The cold, hard facts of the case made mine a difficult position to defend. It happened thus.
When my wife entered the living room I was yelling at the back cover of a magazine. She asked what was going on, a look of minor concern on her face, at which point I flipped the magazine over, revealing — this is where I blew any chance I might have had of mounting a rational defense — a boat advertisement. Not a fiery op-ed, not a back-page column laden with typos that tend to send me into orbit, not one of my own pieces edited badly or run with the wrong byline. An ad.
Summoning the outward cool I’ve cultivated over the nearly two decades of our relationship, I chose not to attempt any explanation of my little episode. Such a defense would sound mealy-mouthed, make me look crazier than I really am. Pick your battles, my brain told me.
What set me off, left me literally hollering at the back cover of one of the slick national fishing magazines, was an image of a large (maybe 33- or 34-foot) high-end center console in midflight — not one square inch of its running surface, not one prop between three grand-total outboards, in contact with water — the occupants frozen in time a split-second before the unavoidable crash landing.
It’s not that I have some fiberglass-induced rage disorder or that I had a horrible stepfather who was a center console. It’s that after so many years of fishing I absolutely cannot stand the extent to which our cultural fixation on all things “extreme” or “hardcore” has led the sales and marketing folks to create a chest-pounding mythology in which “real” fishermen run their Sahara-thirsty fiberglass missiles across troughless 3-to-5s at wide-open speeds at all times. For the salts in this picture — each with neatly pleated cargo shorts, a brightly colored Team Head Trauma shirt, $2,000 polarized glasses, an earth-tone visor, a perfectly coiffed mane and the customary 5 o’clock shadow that serious anglers maintain through repeated trimming throughout each trip offshore — it’s not the journey but the destination. These are the men of the 1,000-Fathom Curve. The two dozen visible gold-plated reels tell that part of the story.
And still, it’s not the carefully orchestrated setting or the four models on loan from the Abercrombie & Fitch catalog that launched my little tantrum. All of the magazines I read are packed with staged photos and beautiful people. I seldom scream at the latest New Yorker.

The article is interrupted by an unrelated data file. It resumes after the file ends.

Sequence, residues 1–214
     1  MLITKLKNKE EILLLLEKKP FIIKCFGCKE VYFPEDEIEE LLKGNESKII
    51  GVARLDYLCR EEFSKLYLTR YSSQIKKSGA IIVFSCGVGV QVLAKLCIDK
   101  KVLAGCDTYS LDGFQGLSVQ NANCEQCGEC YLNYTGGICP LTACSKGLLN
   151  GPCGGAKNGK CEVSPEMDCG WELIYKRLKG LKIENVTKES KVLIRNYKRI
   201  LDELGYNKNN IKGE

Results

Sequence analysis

I can’t help but imagine the two frames that followed. In the first, I imagine three of the four visored “Miami Vice” throwbacks hurtling through the air while the fourth — the helmsman — recoils onto the console bench seat, limp and probably unconscious, having pulverized the windshield with his forehead when the bow obliterated the big, square face of the oncoming sea. In the next frame, a tower of whitewater shoots skyward from the impact; the bow has disappeared beneath the surface as the stern, its three props whirring like eggbeater blades, begins its ascent. The hull, just shy of 30 degrees to the water’s surface now, has begun to kick around toward the camera in my head while at least six of the rods pinwheel through the air.
Every joint in my body, every disc in my lower back screams just looking at this bluewater horror show. To this point I have no real defense against my wife’s silent suggestion that maybe I need another hobby — crocheting or stamp collecting, perhaps.
The real problem — what initiated my untimely detonation sequence — is the utter disconnect between this flash of marketing mythology and the gut-level reality of offshore fishing. What actually scares me is the certainty that some percentage of the guys who’ve stared at the image actually aspire to live the distant-waters fishery exactly as it’s represented in high gloss on the back of the magazine — what a friend calls the “cowboy mentality.”
In the interest of full disclosure, let it be known that I cut my long-range fishing teeth on 8- and 10-knot boats — big, beamy, high-sided Down Easters designed to get nowhere in a hurry but to get you home in one piece, come hell or high water — and often both in the same day. Long steams on slow boats taught me much of what I know about bluewater fishing — about running boats in general. Considering the rate at which I’ve seen things go to pieces under a mere 9 knots of southward headway, there’s a great deal to be said for a prudent throttle hand and a high level of situational awareness, a mode of helm work that becomes a degree more elusive with every knot added to cruising speed.
I learned to hold a compass course, to read Loran and then GPS, to conduct security calls, to operate the single-sideband radio and countless bits of mechanical wisdom while steaming a hundred-plus miles to the edge of the continental shelf. I learned that sea conditions often deteriorate noticeably along the depth contours and that much of the fixed commercial gear I strove to keep out of our running gear also lay in those areas. I learned the rules of the road and the earliest warning signs of bad weather’s approach at 8 knots. I learned a dozen knots and a hundred bullet points of trolling theory en route to the canyons. Above all else, I watched staggering volumes of water, spotted a multitude of offshore critters, played hundreds of truly awful practical jokes and came to know a good number of the folks I count among my closest friends offshore.
My own training as a fisherman — and to some extent, my love and respect for the fishery — bear out the message that is the very antithesis of the go-fast, hardcore image plastered across that slick magazine’s backside: On our ocean, it is the journey and not the destination that holds the lion’s share of the rewards fishing offers.
June 2013 issue